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In A Separate Peace, Phineas (Finny) is the best athlete in the school and most of the students and teachers find him so charming that he seems to be able to do whatever he wants. In a school where boys are being groomed to become men (and sent off to wars), Finny does not, and seemingly is not expected to, accept the adjustment into young adulthood. This is the other part of Finny's outlook or his nature. One could argue that Finny is actively trying to stay young at heart, or one could argue that his nature simply is to be young at heart.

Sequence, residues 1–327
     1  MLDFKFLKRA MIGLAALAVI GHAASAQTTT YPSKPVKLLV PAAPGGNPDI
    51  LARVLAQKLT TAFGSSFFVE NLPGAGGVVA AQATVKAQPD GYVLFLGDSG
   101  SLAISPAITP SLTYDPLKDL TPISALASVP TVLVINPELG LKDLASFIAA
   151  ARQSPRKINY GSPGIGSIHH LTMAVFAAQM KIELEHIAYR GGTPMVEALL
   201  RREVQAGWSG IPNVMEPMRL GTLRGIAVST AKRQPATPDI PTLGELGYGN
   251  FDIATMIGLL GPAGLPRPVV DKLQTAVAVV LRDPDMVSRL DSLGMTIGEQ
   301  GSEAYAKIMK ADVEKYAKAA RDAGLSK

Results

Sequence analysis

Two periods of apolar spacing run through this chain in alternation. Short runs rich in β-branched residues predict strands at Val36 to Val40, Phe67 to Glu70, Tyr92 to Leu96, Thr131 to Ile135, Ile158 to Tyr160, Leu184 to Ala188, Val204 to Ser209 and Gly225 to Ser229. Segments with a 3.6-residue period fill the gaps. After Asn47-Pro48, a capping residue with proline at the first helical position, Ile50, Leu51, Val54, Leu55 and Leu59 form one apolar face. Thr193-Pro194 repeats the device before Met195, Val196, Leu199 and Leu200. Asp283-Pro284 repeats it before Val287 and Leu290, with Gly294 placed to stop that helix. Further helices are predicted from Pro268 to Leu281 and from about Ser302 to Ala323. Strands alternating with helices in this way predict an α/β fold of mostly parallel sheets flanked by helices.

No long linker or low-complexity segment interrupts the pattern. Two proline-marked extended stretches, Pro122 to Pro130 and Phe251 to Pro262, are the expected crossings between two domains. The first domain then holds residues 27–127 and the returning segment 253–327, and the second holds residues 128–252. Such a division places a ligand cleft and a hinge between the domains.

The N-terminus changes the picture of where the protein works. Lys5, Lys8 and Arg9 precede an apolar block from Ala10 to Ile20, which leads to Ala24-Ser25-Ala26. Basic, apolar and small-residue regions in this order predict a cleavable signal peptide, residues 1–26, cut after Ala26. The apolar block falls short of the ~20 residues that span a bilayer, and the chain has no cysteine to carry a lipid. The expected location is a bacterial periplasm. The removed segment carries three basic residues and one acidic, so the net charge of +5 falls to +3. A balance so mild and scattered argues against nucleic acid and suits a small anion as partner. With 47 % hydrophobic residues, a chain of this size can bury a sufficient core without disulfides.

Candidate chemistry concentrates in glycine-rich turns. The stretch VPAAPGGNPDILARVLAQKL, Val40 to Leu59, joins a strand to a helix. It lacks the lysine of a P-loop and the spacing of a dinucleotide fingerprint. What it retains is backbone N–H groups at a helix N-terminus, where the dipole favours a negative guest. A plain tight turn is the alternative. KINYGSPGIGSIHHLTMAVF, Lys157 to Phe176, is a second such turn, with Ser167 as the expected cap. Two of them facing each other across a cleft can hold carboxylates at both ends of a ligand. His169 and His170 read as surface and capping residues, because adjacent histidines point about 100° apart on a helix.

To whatever degree Gene caused Finny's fall, and ultimately his death, Finny and Gene were friends; not enemies. Gene realizes later that he was not jealous of Finny's talent; he was jealous of Finny's innocence and his (Finny's) reluctance to grow up and accept the reality/futility of war. Finny symbolizes the opposite of the upcoming war. Finny was innocent, playful and without a shred of harmful intentions. It is ironic that Finny, the most innocent character, ends up being injured (and killed) without seeing a single battle in the war. The accident is perhaps a tragic reminder that innocence cannot endure in a world where war is still a common means of solving disputes.
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